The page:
So, while I think you’ve identified the problem as one of collections, the rule for tax collection is that you spread it over many different revenue sources to diminish the incentive to cheat on any one. And, of course, you enforce the law. Since most of the resources of the IRS are focused on the middle class and poor, it’s the latter point where I believe we’re failing.

  4. MarkH said

    Another significant problem is (out of control) executive pay. It would probably help a lot to ban CEO participation on their own company’s board of directors — at least for corps of a certain size.

  5. Mark Gisleson said

    The point of getting rid of corporate taxes is to make the corporations visibly give that wealth to the stockholders who will then pay taxes on the dividends. I’ve read some good stuff on this idea over the years, but the long and short of it is that yes, corporations don’t pay their fair share of taxes and rather than hiring a million accountants to let the IRS go to the mattresses with these pigs, you just let market forces do the work for you.

    If corporations aren’t taxed, then stockholders will be much more aggressive about getting paid (dividends). That is a trackable transfer of wealth, and the government could deduct taxes from those dividends just like they do with your paycheck.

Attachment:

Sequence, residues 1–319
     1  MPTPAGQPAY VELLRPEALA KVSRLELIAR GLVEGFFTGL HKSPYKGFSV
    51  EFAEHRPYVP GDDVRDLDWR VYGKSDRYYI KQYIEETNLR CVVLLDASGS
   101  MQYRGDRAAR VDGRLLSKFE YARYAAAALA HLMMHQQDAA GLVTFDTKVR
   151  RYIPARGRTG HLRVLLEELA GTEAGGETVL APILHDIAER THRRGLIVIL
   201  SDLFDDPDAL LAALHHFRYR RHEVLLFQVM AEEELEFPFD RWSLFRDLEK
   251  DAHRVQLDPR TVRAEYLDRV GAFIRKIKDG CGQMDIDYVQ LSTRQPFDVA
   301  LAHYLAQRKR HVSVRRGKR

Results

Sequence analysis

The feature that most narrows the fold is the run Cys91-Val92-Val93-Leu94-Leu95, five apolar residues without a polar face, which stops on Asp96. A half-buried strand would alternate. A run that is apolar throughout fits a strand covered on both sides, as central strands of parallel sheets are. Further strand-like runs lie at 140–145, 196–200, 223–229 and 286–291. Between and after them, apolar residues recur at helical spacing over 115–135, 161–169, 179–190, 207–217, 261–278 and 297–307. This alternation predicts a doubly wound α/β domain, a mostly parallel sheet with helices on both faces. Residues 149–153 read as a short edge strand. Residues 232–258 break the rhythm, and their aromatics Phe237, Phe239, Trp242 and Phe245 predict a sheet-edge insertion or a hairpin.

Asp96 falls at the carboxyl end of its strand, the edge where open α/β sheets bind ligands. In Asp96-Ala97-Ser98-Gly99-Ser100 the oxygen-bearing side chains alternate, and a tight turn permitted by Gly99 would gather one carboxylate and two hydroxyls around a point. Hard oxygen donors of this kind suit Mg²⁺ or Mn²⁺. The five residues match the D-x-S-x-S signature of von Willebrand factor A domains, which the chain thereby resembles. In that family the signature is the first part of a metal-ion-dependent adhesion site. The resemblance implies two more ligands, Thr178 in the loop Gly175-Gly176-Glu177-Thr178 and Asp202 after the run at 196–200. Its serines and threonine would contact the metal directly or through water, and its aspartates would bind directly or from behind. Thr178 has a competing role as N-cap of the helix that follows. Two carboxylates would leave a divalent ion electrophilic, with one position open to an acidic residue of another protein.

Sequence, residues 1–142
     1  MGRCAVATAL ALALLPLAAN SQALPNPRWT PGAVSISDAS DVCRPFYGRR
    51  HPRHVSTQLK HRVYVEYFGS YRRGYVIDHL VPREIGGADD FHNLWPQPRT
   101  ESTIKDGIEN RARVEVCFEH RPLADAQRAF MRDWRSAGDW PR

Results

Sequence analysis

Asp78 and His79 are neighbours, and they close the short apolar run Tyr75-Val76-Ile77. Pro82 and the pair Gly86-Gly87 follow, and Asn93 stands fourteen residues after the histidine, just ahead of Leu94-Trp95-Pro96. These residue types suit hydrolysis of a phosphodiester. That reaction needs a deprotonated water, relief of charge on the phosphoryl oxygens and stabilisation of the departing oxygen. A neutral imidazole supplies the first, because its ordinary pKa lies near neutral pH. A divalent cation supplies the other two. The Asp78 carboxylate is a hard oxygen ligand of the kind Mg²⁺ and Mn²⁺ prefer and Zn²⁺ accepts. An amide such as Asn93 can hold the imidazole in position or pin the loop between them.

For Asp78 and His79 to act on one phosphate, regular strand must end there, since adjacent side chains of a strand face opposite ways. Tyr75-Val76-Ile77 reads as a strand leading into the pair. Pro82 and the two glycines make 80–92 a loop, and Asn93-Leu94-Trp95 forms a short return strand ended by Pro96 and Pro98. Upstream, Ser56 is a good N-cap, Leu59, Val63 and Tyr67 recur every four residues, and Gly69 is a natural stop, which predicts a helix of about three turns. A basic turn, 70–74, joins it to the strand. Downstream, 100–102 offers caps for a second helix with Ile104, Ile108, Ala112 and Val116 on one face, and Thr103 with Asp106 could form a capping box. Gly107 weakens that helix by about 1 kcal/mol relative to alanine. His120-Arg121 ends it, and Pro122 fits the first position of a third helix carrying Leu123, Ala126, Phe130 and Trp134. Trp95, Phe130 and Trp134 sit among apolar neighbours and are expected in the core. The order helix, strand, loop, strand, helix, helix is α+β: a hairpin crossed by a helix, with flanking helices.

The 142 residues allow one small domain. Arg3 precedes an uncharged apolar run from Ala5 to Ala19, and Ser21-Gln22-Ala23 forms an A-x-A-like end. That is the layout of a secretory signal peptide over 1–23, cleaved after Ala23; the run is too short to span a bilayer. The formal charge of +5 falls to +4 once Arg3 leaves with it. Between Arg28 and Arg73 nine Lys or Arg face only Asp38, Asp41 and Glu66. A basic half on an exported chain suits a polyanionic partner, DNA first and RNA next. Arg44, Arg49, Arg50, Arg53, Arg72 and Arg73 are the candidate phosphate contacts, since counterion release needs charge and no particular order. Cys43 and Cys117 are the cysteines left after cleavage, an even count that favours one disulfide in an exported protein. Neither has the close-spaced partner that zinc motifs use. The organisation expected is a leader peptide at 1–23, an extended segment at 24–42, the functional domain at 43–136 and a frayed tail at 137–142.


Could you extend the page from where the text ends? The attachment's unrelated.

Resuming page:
I’m not saying it’s the best solution, but that there are many ways of skinning a fat cat, and we haven’t tried any of them.

    • Charles II said

      Mark says, “I’m not saying it’s the best solution, but that there are many ways of skinning a fat cat, and we haven’t tried any of them.”

      I look to the 40s and 50s and think that we managed to collect taxes then. I think this is a failure of national will and democracy. Without it, no system will work. With it, almost any system can work.

      If I were a billionaire with the morals of David and Charles Koch, and they did away with corporate taxation, what I would do is buy the whole company, turn it into an S-corporation, then use it as my personal piggybank–specifically, to lobby for ending taxation of the wealthy in any form.

      In effect, that’s what they have already done.

      • MarkH said

        Ah well, that’s where new campaign contribution limits come in. Why are any ‘for profit’ corporations able to give money to campaigns? If, as many say, the corporation is ‘solely to make money’, then hold them to that. The rich can always give from their own pocket according to whatever the law allows.

      • Charles II said

        It’s a point that some shareholders are trying to make, MarkH. The corporations are giving away their dividends without a by-your-leave.

      • Mark Gisleson said

        Charles II: I think that’s the best shorter version summary of my remarks I’ve ever read.